Superintendent Andrew Dalziel was a big man. When he took his jacket off and dropped it over the back of a chair it was like a Bedouin pitching camp. He had a big head, greying now; big eyes, short-sighted, but losing nothing of their penetrating force behind a pair of solidframed spectacles; and he blew his big nose into a khaki handkerchief a foot-and-a-half square. He had been a vicious lock forward in his time, which had been a time before speed and dexterity were placed higher in the list of a pack's qualities than sheer indestructibility. The same order of priorities had brought him to his present office. He was a man not difficult to mock. But it was dangerous sport. And perhaps therefore all the more tempting to a Detective-Sergeant who was twenty years younger, had a degree in social sciences and read works of criminology.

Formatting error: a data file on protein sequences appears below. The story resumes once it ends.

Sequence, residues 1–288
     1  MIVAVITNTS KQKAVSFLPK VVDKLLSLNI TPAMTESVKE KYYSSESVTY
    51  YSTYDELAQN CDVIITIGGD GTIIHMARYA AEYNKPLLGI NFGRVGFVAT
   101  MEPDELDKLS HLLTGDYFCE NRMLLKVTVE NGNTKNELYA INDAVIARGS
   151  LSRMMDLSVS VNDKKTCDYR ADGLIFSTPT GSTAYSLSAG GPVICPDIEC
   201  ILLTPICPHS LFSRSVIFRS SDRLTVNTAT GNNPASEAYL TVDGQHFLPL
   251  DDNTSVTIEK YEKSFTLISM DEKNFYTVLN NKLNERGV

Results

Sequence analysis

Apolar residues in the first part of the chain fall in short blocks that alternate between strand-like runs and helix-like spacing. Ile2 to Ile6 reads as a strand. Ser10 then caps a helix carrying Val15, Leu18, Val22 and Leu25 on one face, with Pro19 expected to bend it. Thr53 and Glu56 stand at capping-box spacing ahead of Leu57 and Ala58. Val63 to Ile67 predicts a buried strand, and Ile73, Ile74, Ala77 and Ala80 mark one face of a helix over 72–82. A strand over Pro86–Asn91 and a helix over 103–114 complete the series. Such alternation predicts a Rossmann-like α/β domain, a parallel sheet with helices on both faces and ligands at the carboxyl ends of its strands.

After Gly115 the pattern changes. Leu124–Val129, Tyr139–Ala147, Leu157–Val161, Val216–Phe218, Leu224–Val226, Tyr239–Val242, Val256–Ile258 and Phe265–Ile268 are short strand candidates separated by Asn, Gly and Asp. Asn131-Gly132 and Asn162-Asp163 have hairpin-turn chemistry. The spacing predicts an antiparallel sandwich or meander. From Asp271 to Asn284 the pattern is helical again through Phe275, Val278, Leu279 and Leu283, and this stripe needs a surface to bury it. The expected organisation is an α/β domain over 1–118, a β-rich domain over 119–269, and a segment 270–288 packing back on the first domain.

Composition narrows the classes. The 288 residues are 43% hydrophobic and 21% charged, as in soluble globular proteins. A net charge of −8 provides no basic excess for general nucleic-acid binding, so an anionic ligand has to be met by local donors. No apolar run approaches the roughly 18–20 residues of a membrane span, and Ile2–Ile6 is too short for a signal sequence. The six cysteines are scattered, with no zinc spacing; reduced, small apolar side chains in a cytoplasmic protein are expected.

Dalziel sank over his chair and scratched himself vigorously between the legs. Not absent-mindedly - nothing he did was mannerism - but with conscious sensuousness. Like scratching a dog to keep it happy, a constable had once said within range of Dalziel's very sharp hearing. He had liked the simile and therefore ignored it.